To avoid the conflict and confrontation of the physical world, many individuals of these communities refrain from publicizing their true identity and expressing their interests. They are forced to hide in the real/physical world and can only truly be themselves online or only among other individuals of their subculture.
It is extremely difficult for the people of these subcultures, like the Bronies, who are able to be themselves and connect with people in some parts of their life, but must suppress that part of themselves in other parts of their life. It is a truly bizarre and sad phenomenon, which many people must undergo, because of the rejection and judgment they face from society. It is extremely difficult to only be one’s true self at certain times. The times, in which they are expected to suppress themselves, is requiring them to deny a fundamental part of who they are. People should never have to be subject to this horrible situation, out of fear of harsh judgment and harassment. Yet while this should never happen, it is a common occurrence, which many minorities have to face.
The problem is rooted at the desire to fit in. People frequently integrate themselves into a mainstream. Once apart of this mainstream/group they turn against those who are not apart of their group and judge those who are unlike them. This is a vicious cycle, which repeats itself over and over again. People integrate themselves into a mainstream, not necessarily the mainstream, but any mainstream.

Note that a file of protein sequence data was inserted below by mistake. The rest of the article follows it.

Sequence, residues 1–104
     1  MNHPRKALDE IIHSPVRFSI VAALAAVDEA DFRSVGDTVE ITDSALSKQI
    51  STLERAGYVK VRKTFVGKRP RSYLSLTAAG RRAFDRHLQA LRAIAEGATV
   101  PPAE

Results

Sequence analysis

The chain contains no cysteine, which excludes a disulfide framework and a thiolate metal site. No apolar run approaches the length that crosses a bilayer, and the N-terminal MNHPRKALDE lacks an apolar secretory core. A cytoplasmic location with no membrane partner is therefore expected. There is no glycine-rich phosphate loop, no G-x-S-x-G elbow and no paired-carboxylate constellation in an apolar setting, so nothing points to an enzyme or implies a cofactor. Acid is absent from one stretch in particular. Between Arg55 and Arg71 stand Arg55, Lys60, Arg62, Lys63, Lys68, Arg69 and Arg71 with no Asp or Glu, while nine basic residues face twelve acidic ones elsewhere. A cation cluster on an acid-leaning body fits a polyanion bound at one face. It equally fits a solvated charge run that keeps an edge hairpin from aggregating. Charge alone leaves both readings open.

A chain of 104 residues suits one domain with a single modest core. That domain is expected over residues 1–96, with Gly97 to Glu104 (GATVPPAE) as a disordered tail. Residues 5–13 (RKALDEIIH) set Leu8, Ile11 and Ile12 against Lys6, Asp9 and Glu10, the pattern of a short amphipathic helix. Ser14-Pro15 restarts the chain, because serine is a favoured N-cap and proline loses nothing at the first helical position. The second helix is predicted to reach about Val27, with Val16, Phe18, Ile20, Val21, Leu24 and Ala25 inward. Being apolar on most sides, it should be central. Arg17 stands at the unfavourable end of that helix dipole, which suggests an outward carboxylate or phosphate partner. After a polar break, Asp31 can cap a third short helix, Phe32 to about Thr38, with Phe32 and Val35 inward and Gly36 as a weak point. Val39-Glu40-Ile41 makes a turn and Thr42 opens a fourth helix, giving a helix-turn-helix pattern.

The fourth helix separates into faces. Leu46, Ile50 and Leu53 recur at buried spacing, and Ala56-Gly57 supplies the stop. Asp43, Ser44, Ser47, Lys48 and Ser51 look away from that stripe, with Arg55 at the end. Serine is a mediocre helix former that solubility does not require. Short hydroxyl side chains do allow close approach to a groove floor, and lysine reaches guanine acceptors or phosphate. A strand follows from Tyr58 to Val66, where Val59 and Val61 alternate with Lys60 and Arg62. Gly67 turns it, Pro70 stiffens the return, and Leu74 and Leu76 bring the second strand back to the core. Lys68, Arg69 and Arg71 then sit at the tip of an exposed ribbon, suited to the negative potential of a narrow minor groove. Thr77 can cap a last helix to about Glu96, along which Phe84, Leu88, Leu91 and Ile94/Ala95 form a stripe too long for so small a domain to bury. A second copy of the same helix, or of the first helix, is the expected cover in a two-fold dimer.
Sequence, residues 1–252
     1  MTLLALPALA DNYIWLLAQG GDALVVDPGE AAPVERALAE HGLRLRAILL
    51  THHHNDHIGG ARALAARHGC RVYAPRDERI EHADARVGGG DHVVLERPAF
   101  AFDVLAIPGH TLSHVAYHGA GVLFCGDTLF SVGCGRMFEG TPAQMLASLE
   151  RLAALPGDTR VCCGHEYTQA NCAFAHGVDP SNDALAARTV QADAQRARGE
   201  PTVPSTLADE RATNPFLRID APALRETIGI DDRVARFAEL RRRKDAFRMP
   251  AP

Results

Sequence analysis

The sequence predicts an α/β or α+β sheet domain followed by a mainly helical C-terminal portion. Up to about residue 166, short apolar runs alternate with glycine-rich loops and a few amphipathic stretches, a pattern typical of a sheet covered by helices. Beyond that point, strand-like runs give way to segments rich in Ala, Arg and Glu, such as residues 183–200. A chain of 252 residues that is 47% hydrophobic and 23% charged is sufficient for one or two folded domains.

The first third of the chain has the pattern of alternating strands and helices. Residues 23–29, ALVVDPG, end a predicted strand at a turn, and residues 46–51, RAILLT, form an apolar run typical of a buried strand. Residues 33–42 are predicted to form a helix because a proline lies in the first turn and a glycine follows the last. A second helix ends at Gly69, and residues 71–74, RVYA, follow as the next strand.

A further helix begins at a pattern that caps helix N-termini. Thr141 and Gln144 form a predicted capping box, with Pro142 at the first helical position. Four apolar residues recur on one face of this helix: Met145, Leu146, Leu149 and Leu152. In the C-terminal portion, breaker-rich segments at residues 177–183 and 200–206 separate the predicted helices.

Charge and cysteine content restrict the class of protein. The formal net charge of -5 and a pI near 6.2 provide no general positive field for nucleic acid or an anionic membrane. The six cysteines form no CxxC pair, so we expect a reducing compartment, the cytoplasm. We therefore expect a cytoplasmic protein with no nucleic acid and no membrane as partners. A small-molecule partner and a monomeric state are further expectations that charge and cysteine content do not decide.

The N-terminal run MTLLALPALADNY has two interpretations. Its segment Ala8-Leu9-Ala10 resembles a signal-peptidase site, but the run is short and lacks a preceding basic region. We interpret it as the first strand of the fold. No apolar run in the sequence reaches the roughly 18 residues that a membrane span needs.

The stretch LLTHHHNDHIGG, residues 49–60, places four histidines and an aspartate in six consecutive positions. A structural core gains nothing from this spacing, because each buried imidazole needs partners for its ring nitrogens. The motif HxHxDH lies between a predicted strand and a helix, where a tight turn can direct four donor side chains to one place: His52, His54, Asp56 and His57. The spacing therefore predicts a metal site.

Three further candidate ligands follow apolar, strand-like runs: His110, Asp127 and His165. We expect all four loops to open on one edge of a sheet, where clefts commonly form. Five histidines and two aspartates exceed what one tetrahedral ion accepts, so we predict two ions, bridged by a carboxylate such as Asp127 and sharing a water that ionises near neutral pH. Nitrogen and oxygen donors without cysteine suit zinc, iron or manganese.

As David Muggleton and Rupert Weinzierl state, many subcultures uphold a “romantic vision of symbolic rebellion.” Many subcultures have a strong attitude that is not only extremely anti-mainstream/authority but also very exclusive of anyone who differs from them. Although bronies are more welcoming, many subcultures, such as juggalos and cyberpunks are exclusive and cold to outsiders and people unlike them. Thus, the cycle repeats itself: people find solidarity in their groups and then become exclusive and judge others who are not like them. Gueorguieva also notes, “And since to become an insider one has to invest time and resources, the candidate will be more motivated to remain in the group, once s/he is accepted, rather than switch to a different group and style.” The exact same problems and reasons, which caused them to feel isolated and then seek out the company of the group, are being repeated in a similar manner. Members of groups like Anonymous and cyberpunks can be critical of people and denounce others by calling out those who are imposters. Within virtual forums, users insult and yell at people who are not ‘real’ members of the subculture. One must prove their authenticity and meet the group’s requirements. If they do not fit the mold, they are outcast once again. This behavior is so surprising because one would expect people to be more accepting and empathetic, after they, themselves, have been subjected to the same kind of harsh judgment and exclusion. Yet many times, subcultures repeat the cycle of exclusion.